Report Calls for EHR Privacy ActionBipartisan Effort Focuses on Making Most of HITECH Dollars
Much more work needs to be done to build public trust in efforts to protect the privacy and security of electronic health records and the exchange of health information, according to a new report from The Bipartisan Policy Center.
The report from the center, which was founded by former Senate majority leaders, makes six recommendations - including adequately addressing privacy and security concerns - to ensure the effective use of up to $30 billion in HITECH Act investments in healthcare IT. The HITECH Act, part of the healthcare reform package, included funding of incentives to hospitals and physicians to use EHRs.. It also is helping fund development of statewide health information exchanges.
"Solidifying public trust in and support for health IT and electronic health information exchange initiatives will require assurance about the processes used to protect the privacy and security of health information," the report stresses.
Key Privacy, Security Steps
To address privacy and security issues, the report recommends federal healthcare regulators:
- Require consistent protections for personal health information. The report expresses concern that the HIPAA privacy and security rules do not apply to commercial firms that market personal health records to consumers. Regulators are way behind schedule in offering Congress a report on addressing this issue, as required under the HITECH Act.
- Issue comprehensive and clear guidance. "The administration should consistently issue comprehensive and clear guidance on compliance with federal privacy and security laws covering personal health information with reasonable and achievable implementation timelines," the report states. Some entities are reluctant to adopt electronic records and exchange information, the report notes, because of "uncertainty about how to comply with existing and new health data privacy and security laws and regulations, coupled with concerns about liability."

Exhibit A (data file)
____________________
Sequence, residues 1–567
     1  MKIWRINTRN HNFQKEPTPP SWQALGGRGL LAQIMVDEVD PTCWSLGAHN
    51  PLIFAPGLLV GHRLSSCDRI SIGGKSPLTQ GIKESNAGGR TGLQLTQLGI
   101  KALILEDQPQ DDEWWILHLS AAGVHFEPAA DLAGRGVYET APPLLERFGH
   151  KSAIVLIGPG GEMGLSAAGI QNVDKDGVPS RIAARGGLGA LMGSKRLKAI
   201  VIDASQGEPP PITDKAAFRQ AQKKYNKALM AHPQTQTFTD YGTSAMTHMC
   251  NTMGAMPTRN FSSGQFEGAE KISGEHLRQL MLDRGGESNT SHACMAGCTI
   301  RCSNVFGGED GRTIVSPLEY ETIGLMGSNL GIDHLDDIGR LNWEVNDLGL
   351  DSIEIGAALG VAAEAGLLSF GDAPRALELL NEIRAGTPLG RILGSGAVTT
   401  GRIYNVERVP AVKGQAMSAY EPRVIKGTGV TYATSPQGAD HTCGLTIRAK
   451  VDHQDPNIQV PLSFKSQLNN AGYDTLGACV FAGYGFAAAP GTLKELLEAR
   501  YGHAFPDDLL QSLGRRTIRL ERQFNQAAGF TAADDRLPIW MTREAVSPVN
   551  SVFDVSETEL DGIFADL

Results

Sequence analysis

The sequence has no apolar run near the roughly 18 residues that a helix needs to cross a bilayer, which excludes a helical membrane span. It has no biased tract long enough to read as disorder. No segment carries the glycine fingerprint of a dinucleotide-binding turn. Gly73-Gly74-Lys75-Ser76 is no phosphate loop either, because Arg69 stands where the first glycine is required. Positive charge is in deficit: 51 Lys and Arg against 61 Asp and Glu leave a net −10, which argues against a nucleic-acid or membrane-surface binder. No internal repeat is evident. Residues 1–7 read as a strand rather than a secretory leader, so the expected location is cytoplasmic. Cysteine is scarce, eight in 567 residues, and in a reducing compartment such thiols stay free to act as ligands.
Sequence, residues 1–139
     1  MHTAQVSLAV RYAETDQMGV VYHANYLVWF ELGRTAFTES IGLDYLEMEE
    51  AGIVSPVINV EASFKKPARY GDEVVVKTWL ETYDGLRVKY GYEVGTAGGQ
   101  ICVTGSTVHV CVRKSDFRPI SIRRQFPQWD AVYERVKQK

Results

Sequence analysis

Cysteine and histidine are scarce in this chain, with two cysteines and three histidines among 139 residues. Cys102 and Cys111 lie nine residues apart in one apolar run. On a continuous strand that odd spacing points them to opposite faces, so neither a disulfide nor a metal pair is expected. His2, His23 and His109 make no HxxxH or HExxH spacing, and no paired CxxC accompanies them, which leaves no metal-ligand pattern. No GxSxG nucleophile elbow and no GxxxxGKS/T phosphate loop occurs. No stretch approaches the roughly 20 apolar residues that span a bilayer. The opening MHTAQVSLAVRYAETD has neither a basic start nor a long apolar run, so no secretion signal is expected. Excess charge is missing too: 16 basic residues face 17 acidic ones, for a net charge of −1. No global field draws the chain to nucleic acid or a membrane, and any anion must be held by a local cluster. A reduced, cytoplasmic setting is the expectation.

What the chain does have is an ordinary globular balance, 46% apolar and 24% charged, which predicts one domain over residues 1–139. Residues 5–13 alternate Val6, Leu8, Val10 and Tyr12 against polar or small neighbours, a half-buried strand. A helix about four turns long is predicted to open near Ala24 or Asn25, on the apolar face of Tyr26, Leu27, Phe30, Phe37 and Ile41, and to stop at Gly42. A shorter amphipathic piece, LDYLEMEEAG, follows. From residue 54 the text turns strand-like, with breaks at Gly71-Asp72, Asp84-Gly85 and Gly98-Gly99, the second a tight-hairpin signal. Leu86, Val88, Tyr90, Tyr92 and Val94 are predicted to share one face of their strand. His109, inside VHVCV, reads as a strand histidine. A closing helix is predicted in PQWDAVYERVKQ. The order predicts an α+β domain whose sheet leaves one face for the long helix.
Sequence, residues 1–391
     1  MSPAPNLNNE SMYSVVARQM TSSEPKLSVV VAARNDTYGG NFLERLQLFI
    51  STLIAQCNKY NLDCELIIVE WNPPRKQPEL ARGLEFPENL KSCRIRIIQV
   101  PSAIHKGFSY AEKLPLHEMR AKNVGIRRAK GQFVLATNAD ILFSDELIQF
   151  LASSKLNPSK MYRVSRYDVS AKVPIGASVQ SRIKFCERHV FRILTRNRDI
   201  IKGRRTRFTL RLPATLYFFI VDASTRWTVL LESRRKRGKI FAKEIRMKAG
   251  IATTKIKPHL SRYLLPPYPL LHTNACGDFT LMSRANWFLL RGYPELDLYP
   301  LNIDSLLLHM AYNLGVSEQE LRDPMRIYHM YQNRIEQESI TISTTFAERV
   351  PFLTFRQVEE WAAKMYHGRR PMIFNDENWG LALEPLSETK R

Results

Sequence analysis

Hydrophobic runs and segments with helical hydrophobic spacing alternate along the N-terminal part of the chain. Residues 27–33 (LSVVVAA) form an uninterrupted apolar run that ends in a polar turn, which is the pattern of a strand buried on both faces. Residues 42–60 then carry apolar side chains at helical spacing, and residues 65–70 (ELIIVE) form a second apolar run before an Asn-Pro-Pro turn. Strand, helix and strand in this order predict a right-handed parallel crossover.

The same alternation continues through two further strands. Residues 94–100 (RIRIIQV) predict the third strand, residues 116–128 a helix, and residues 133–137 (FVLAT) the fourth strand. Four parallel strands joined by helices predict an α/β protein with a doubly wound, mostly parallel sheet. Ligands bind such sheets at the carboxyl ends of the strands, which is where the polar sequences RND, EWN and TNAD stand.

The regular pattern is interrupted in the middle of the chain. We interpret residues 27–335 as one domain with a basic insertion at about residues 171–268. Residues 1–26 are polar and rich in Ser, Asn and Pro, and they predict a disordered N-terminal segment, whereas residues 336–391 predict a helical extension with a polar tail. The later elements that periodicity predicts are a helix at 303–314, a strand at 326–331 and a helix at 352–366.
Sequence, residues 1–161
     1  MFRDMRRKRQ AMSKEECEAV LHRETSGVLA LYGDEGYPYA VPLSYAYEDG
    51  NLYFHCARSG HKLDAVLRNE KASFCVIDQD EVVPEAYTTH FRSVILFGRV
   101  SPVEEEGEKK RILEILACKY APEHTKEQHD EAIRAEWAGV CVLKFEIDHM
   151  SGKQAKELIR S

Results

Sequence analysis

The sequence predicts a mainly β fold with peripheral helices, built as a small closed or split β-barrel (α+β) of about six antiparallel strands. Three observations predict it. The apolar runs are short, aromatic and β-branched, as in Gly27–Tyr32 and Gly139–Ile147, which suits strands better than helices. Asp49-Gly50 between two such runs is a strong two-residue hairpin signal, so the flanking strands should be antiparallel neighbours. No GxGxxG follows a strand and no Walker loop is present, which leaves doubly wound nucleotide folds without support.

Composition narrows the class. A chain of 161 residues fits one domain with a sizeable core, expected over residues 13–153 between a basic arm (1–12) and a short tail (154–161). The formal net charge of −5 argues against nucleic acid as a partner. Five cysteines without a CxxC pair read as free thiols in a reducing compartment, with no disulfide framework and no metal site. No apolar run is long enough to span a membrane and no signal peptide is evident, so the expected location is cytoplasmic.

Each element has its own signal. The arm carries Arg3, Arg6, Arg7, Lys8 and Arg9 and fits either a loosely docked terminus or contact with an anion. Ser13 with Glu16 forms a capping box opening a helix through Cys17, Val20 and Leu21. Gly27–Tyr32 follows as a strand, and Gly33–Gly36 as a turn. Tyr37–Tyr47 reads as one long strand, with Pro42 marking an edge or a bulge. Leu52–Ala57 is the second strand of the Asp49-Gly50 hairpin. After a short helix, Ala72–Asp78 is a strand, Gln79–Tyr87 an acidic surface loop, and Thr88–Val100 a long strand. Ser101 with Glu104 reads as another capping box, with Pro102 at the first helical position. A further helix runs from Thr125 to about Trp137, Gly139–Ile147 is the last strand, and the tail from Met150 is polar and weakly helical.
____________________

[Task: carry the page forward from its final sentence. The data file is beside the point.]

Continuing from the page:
- Develop and implement a national strategy for accurate patient matching. The report calls for federal policymakers to work with others to implement a national strategy for accurately matching patients to their health information. This reinforces an earlier recommendation of the Privacy and Security Tiger Team, which advises federal regulators.
- Disseminate "common sense" security practices. "HHS [The Department of Health and Human Services] should encourage and support the development and widespread dissemination of basic, 'common-sense' security practices to healthcare providers, healthcare professionals and individuals and organizations working within the healthcare industry."
In addition to addressing privacy and security issues, the report outlines five other ways to help overcome barriers to making the most of massive federal healthcare IT investments. Some of the recommendations for getting the best return on the $30 billion investment make reference to efforts already under way at the federal level. They include:
- Better align financial incentives to reward high-quality, cost-effective care that's support by the latest IT.
- Improve efforts to promote health information exchange, such as by developing policies and standards;
- Educate healthcare providers to use online tools to help consumers access their health information;
- Expand provider education and implementation assistance, including the development of best practices for using EHRs;
- Make sure federal health IT goals are aligned with healthcare reform efforts, such as, for example, using electronic records to support research on what treatments yield the best outcomes.